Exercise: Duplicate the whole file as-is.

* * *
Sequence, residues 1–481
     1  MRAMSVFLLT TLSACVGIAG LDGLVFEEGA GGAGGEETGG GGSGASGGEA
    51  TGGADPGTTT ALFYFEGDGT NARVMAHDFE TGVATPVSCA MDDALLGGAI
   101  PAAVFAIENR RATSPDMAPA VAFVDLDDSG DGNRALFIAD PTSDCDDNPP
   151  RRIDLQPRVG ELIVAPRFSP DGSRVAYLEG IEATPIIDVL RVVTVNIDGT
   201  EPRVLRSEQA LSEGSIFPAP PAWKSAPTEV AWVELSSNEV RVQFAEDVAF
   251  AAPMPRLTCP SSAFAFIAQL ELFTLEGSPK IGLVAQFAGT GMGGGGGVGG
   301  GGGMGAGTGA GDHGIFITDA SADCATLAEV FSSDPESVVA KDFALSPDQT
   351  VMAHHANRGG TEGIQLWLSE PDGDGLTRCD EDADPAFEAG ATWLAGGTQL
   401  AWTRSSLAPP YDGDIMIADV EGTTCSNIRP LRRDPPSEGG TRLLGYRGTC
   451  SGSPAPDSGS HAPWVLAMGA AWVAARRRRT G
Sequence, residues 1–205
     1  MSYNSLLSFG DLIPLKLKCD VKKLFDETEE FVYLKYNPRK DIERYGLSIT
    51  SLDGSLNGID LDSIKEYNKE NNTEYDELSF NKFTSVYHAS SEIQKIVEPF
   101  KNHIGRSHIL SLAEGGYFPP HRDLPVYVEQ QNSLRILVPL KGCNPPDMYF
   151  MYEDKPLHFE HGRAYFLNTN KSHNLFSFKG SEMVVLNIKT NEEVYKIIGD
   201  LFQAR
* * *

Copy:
Sequence, residues 1–481
     1  MRAMSVFLLT TLSACVGIAG LDGLVFEEGA GGAGGEETGG GGSGASGGEA
    51  TGGADPGTTT ALFYFEGDGT NARVMAHDFE TGVATPVSCA MDDALLGGAI
   101  PAAVFAIENR RATSPDMAPA VAFVDLDDSG DGNRALFIAD PTSDCDDNPP
   151  RRIDLQPRVG ELIVAPRFSP DGSRVAYLEG IEATPIIDVL RVVTVNIDGT
   201  EPRVLRSEQA LSEGSIFPAP PAWKSAPTEV AWVELSSNEV RVQFAEDVAF
   251  AAPMPRLTCP SSAFAFIAQL ELFTLEGSPK IGLVAQFAGT GMGGGGGVGG
   301  GGGMGAGTGA GDHGIFITDA SADCATLAEV FSSDPESVVA KDFALSPDQT
   351  VMAHHANRGG TEGIQLWLSE PDGDGLTRCD EDADPAFEAG ATWLAGGTQL
   401  AWTRSSLAPP YDGDIMIADV EGTTCSNIRP LRRDPPSEGG TRLLGYRGTC
   451  SGSPAPDSGS HAPWVLAMGA AWVAARRRRT G
Sequence, residues 1–205
     1  MSYNSLLSFG DLIPLKLKCD VKKLFDETEE FVYLKYNPRK DIERYGLSIT
    51  SLDGSLNGID LDSIKEYNKE NNTEYDELSF NKFTSVYHAS SEIQKIVEPF
   101  KNHIGRSHIL SLAEGGYFPP HRDLPVYVEQ QNSLRILVPL KGCNPPDMYF
   151  MYEDKPLHFE HGRAYFLNTN KSHNLFSFKG SEMVVLNIKT NEEVYKIIGD
   201  LFQAR